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The History of Heroin, the “Nonaddictive” Substitute for Morphine.

Medical Trivia

During the American Civil War many soldiers were treated with morphine which led to a wave of morphine addiction in the second half of the 19th century, and a search to try to find safer alternatives.

heroin

In 1874, Charles Romley Alder Wright, a chemist looking for a nonaddictive pain killer, boiled anhydrous morphine alkaloid with acetic anhydride and produced an acetylated form of morphine, called diamorphine (or diacetylmorphine).  There was not much interest in this compound until 1897.  In that year Heinrich Dreser, the head of the  pharmaceutical division at Bayer Company, asked chemist Felix Hoffman to come up with a way to synthesize the compound as a result of some favorable reports from investigators and a growing interest in the drug by the medical profession. (Hoffman had just synthesized aspirin two weeks before this.) Hoffman came up with a way to synthesize the compound commercially.  After trying the drug, a chemist at Bayer supposedly said it made him feel heroic (heroisch in German) and because of that it was decided to call the drug heroin.


heroin

It was advertised by Bayer as a nonaddictive substitute for morphine and could be used for a variety of disorders, especially cough, even in children.  Heroin was also used to combat codeine and morphine addiction.  Bayer heroin and aspirin were often advertised together. 


heroin

Unfortunately, heroin is rapidly metabolized into morphine and other active morphine metabolites inside the body.  In the early 1900s the problematic nature of heroin came to be noticed and soon heroin addiction replaced morphine addiction as a major social problem.  In 1910, Bellevue Hospital in New York City admitted its first heroin addict but five years later it admitted 425 heroin addicts. The Public Health Service Hospitals in the United States discontinued dispensing heroin in 1916.  In 1920 the House of Delegates of the American Medical Association recommended “that heroin be eliminated from all medicinal preparations and that it should not be administered, prescribed, nor dispensed; and that the importation, manufacture, and sale of heroin should be prohibited in the United States.” In 1913 Bayer stopped manufacturing heroin and in 1924 heroin was banned in the U.S.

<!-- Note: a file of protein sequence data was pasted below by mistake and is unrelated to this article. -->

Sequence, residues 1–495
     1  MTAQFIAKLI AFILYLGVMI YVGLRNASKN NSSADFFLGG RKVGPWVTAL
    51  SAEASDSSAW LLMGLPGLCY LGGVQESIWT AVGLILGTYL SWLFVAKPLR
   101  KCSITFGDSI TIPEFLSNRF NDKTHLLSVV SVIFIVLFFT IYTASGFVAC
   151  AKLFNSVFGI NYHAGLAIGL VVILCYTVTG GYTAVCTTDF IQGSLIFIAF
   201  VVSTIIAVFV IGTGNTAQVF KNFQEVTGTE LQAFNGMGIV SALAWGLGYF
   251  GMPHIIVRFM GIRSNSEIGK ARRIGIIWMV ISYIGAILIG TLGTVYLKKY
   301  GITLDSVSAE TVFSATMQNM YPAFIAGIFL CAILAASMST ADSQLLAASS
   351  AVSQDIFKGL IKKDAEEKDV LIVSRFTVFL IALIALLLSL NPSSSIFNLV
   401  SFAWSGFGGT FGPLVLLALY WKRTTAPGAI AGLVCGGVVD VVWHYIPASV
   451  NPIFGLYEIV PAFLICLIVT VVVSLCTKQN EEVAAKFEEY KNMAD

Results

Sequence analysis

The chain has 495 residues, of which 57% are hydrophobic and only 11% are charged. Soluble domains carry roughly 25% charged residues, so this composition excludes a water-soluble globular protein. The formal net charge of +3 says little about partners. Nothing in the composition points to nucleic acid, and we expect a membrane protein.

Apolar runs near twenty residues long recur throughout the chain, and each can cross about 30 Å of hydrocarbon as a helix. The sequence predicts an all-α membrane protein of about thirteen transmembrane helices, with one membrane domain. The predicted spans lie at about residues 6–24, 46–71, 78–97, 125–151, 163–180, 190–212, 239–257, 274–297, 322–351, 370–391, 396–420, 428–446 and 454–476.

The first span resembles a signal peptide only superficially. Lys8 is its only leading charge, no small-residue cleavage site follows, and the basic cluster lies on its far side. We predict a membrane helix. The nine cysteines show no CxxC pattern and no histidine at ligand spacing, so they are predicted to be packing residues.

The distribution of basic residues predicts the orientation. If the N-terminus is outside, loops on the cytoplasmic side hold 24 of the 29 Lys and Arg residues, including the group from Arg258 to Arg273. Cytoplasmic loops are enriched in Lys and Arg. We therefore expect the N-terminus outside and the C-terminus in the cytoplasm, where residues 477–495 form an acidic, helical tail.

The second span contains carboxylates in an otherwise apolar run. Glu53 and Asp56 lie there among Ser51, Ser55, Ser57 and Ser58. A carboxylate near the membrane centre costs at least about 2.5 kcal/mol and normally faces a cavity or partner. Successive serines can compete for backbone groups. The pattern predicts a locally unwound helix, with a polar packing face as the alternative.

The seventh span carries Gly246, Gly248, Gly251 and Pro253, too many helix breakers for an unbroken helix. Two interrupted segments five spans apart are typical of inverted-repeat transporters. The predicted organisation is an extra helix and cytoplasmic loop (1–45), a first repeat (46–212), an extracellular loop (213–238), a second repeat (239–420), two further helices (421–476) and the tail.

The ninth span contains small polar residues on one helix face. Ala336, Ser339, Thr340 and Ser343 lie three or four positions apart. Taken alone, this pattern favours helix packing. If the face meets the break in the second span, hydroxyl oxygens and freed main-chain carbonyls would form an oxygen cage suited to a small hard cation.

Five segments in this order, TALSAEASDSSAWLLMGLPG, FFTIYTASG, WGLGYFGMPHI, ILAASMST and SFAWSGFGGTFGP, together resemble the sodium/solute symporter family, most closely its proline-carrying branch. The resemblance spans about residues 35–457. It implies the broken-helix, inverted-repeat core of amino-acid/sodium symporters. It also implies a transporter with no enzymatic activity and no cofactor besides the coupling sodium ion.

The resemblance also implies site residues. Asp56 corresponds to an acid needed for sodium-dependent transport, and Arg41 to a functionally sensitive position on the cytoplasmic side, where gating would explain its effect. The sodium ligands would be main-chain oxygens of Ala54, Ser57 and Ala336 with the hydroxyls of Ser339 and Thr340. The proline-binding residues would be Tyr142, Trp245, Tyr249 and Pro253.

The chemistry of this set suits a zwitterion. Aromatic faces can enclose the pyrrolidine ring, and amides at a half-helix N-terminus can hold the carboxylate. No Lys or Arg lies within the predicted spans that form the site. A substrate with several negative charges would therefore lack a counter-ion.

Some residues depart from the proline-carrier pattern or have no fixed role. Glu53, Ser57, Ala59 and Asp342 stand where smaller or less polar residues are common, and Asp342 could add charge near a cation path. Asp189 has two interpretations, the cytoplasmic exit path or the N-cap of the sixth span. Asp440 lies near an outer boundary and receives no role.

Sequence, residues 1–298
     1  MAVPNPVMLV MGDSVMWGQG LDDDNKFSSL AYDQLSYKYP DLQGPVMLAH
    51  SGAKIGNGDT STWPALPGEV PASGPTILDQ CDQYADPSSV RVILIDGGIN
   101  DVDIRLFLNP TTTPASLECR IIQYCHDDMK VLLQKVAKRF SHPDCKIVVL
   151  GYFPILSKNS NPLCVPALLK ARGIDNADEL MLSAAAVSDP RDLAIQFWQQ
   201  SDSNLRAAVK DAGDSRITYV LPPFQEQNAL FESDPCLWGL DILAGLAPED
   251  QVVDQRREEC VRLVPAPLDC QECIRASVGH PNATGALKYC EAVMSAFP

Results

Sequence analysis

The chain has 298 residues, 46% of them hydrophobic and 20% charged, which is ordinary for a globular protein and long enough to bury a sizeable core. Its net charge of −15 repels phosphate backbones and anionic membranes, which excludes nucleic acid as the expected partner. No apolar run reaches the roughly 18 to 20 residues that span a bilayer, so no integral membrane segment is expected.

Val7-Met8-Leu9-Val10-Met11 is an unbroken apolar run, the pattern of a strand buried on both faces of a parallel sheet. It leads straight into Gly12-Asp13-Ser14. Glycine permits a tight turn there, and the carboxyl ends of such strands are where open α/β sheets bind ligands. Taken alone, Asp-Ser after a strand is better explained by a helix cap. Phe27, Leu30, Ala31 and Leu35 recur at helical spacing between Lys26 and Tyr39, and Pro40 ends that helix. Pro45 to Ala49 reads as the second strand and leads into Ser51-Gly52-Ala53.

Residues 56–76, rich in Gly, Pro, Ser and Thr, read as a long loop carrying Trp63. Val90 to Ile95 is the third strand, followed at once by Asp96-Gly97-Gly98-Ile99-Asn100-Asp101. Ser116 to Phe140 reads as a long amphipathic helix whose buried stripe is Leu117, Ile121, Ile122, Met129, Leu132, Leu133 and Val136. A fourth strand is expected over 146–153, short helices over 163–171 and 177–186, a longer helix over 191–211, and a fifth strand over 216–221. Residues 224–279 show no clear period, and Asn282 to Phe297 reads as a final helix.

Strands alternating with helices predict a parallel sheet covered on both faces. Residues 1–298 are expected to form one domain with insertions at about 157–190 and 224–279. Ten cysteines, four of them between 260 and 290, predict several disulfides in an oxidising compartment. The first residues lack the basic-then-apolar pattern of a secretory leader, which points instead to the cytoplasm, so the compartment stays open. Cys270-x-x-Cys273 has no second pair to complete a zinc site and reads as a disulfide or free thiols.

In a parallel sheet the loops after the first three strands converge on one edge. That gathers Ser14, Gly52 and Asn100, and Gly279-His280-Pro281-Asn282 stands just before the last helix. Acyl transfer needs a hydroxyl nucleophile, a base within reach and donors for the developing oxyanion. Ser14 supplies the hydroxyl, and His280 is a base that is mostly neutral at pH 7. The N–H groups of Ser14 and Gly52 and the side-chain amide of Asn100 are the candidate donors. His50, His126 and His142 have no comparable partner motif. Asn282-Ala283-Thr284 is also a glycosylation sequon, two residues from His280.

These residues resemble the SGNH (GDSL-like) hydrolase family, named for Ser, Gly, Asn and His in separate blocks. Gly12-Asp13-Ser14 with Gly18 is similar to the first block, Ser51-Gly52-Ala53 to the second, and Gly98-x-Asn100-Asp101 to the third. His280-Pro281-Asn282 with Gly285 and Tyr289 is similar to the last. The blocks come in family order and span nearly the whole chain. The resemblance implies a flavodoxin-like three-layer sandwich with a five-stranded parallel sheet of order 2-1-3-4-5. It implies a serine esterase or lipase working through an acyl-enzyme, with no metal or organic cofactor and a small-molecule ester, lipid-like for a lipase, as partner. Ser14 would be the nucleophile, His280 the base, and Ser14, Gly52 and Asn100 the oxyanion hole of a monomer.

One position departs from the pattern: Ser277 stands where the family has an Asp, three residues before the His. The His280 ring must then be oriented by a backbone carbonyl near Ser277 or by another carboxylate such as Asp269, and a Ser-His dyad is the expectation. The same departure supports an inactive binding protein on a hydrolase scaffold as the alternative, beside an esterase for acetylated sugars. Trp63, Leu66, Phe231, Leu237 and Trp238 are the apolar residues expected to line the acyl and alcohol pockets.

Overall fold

An interesting bit of trivia is how the word junkie came into being to describe heroin addicts.  It was purportedly coined due to addicts going through junkyards looking for scrap metal to sell to obtain money.  


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